Digitalisation, globalisation, demographic shifts and other changes in work organisation are constantly reshaping skill needs. This can lead to persistent skill shortages and mismatch which are costly for individuals, firms and society in terms of lost wages and lower productivity and growth. These costs can be reduced through better assessment and anticipation of changing skill needs and by improving the responsiveness of skills development to these changes.
    This report identifies effective strategies for improving labour market information on skill needs and ensuring that this information is used effectively to develop the right skills. It provides a comparative assessment of practices across 29 countries in the following areas: i) the collection of information on existing and future skill needs; ii) the use of this information to guide skill development policies in the areas of labour, education and migration; and iii) governance arrangements to ensure good co-ordination among the key stakeholders in the collection and use of skill needs information. 
  • 7-April-2016

    English

    Back to Work: Australia - Improving the Re-employment Prospects of Displaced Workers

    Job displacement (involuntary job loss due to firm closure or downsizing) affects many workers over their lifetime. Displaced workers may face long periods of unemployment and, even when they find new jobs, tend to be paid less and have fewer benefits than in their prior jobs. Helping them get back into good jobs quickly should be a key goal of labour market policy. This report is the fourth in a series of reports looking at how this challenge is being tackled in a number of OECD countries. It shows that many displaced workers get new jobs relatively quickly in Australia, mostly thanks to a flexible and dynamic labour market. A small minority of displaced workers receive special support via the labour adjustment programmes, but some displaced workers who would need specific assistance, in particular in the older worker and/or low-educated groups, do not get sufficient support or only too late. There is room to improve policies by moving away from the current sectoral approach to special assistance programmes for workers collectively dismissed, towards an approach covering all sectors of the economy, with the intensity of intervention tailored to the circumstances and needs of the displaced workers. Expanding the training component for displaced workers and making use of skills assessment and training to better target the training and enhance its effectiveness would also help displaced workers transition to sustainable jobs of a certain quality.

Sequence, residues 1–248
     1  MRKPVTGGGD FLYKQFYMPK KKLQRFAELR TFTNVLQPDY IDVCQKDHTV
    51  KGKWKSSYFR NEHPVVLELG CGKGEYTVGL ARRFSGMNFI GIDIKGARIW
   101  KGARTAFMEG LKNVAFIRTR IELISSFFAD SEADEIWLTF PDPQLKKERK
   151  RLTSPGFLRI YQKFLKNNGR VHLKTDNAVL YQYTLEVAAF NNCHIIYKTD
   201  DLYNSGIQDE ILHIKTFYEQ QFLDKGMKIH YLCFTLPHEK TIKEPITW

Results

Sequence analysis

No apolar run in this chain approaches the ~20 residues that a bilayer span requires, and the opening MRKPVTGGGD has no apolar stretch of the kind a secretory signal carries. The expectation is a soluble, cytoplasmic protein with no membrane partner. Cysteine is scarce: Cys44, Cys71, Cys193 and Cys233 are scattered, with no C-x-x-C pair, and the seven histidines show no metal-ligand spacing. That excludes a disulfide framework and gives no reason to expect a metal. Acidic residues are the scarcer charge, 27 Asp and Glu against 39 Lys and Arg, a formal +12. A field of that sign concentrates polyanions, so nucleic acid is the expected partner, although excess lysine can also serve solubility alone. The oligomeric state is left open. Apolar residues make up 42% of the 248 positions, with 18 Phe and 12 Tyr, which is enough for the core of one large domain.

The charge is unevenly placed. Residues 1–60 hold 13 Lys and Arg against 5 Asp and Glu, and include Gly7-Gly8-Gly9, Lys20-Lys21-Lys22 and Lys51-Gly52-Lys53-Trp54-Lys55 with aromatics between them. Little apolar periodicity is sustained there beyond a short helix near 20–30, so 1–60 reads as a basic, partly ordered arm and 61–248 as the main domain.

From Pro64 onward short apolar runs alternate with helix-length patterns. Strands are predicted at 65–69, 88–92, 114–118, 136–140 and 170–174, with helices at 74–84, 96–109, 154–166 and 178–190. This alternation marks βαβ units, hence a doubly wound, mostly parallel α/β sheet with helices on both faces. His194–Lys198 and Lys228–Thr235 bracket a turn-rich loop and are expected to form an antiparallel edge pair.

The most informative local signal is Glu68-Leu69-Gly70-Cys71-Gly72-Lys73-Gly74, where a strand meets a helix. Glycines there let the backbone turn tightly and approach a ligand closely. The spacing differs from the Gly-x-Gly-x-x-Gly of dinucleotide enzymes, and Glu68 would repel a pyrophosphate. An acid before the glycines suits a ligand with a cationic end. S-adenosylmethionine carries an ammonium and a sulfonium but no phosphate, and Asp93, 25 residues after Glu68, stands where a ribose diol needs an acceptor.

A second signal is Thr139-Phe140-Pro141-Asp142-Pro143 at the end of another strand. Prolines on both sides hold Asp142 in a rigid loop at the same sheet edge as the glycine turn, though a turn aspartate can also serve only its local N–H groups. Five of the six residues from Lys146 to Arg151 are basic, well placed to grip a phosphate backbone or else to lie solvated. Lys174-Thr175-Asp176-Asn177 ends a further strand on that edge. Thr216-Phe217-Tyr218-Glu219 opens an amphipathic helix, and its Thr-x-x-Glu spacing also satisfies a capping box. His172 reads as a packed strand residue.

• 6-April-2016

    English

    OECD Reviews of School Resources: Estonia 2016

    The effective use of school resources is a policy priority across OECD countries. The OECD Reviews of School Resources explore how resources can be governed, distributed, utilised and managed to improve the quality, equity and efficiency of school education.